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Have you discussed circumcision related distress with a therapist?

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  • MarClarkson
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    I have. The first time I ever brought it up, it took immense emotional effort. I actually had to let them read an emotional conversation that I had with one of my friends about it because I couldn't stand to say the word. As they read the texts, I looked at them hopefully, that I might be able to now begin working through this pain that had plagued me for my entire life. That maybe I could start working through this depressive fog that I had been struggling with, this anger, resentment, and frustration. I looked at them as they read through everything, hopeful.

    "You need to accept it."

    Shattered were my hopes that they could say something so callous after I had finally opened up about such an intimate source of my depression. They refused to let me speak about how I felt without shooting me down. I went to one more session with them, where they did the same thing. The last thing they said was "I think we made a lot of headway today".

    "Yup."

    I said with my eyes glazed over and staring into nothingness. I went down to my car, said "**** you." and drove home in silence.

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  • Reality
    replied
    This might be a positive step for some individual cases. But my take is: it isn't therapists who do circumcision. The professionals, and industry, we do need to influence are the guys who do the procedure and the industry who pays for it, both according to an algorithm of steps. The problem I've seen is that any mention of "emotion" turns them off because that isn't where they live. In other words, they don't care; foreskins are not "emotional", they are functional, but not seen that way by professionals They live in the worlds of anatomy and physiology, and follow a rationale for treating the perceived potential dysfunction in neonates, under a banner which is NOT STANDARDIZED! There is no good and safe (safe from physiological damage)reason to do that, and no reason to pay for it (if your are in it for a profit, as the payers are).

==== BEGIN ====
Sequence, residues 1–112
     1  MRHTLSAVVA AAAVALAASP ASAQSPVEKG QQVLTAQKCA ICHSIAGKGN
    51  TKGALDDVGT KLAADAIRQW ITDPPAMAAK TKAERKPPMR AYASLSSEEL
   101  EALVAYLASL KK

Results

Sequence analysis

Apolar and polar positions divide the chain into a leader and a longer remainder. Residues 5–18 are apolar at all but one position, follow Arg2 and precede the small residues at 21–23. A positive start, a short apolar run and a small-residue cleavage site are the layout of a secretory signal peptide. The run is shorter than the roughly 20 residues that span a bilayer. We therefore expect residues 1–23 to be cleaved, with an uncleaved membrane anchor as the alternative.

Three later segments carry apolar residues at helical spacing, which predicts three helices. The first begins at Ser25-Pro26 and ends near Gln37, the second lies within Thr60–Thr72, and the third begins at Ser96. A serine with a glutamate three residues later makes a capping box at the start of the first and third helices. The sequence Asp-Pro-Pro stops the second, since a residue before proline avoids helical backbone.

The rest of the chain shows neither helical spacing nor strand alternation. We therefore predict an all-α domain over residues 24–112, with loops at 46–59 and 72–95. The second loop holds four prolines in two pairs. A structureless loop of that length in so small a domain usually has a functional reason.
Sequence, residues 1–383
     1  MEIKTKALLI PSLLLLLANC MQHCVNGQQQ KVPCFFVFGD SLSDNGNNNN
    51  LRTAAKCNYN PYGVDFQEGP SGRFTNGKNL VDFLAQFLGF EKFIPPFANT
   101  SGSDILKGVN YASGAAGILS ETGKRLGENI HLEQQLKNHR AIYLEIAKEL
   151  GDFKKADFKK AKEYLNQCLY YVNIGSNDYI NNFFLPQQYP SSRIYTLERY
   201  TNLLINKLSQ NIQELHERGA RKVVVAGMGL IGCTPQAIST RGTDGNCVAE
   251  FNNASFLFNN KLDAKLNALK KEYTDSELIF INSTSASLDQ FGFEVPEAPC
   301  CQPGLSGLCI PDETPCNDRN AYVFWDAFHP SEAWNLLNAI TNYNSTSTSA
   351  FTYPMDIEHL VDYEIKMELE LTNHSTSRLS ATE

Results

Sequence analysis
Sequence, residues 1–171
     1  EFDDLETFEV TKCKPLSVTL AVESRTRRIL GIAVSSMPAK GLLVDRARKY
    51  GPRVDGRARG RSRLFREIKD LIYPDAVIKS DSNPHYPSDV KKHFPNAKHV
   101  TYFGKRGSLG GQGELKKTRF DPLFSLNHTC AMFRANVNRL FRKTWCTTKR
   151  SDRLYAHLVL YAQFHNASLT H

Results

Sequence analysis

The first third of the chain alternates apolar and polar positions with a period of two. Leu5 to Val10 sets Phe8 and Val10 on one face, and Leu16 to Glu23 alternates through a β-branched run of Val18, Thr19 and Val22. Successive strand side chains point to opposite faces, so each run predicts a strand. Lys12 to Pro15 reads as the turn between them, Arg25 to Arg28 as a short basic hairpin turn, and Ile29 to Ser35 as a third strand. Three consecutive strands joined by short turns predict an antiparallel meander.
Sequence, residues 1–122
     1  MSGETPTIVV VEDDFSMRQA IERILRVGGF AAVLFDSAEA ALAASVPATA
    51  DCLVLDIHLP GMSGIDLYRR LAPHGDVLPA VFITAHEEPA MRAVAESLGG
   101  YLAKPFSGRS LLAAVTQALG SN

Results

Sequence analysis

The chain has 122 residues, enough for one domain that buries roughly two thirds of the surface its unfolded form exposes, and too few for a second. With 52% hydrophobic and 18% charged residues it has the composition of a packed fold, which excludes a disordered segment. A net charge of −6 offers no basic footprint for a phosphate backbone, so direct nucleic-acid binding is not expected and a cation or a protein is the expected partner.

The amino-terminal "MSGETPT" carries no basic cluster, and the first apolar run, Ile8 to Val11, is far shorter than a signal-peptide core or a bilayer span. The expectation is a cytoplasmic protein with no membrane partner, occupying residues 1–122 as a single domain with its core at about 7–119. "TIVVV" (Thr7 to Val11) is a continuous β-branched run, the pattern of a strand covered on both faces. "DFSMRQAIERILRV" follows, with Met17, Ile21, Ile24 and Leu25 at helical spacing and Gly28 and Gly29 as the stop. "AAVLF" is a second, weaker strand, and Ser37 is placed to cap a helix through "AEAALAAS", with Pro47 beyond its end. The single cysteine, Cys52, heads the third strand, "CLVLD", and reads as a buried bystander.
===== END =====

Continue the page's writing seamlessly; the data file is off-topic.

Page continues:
Change the standards, not the provider. Therapy is after the act and has no clinical link to the actors

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  • Have you discussed circumcision related distress with a therapist?

    Intaction is assisting two practicing psychologists that seek to interview men who have discussed circumcision related distress with their therapist.

    They hope to better understand what was helpful and not helpful about your therapeutic experiences so that we can offer guidance to our professional community. Presently, no guidance is available and we anticipate more men will be presenting with this concern in the years ahead.

    Please reach out to directly to Dr. O’Connor at [email protected] if you are interested in participating in this project. All communication during these interviews is confidential. Let them know you heard of the project through Intaction.

    Please note that Dr. O'Connor is not able to offer therapeutic support as laws forbid the practice of psychotherapy outside of the jurisdiction in which he is licensed.
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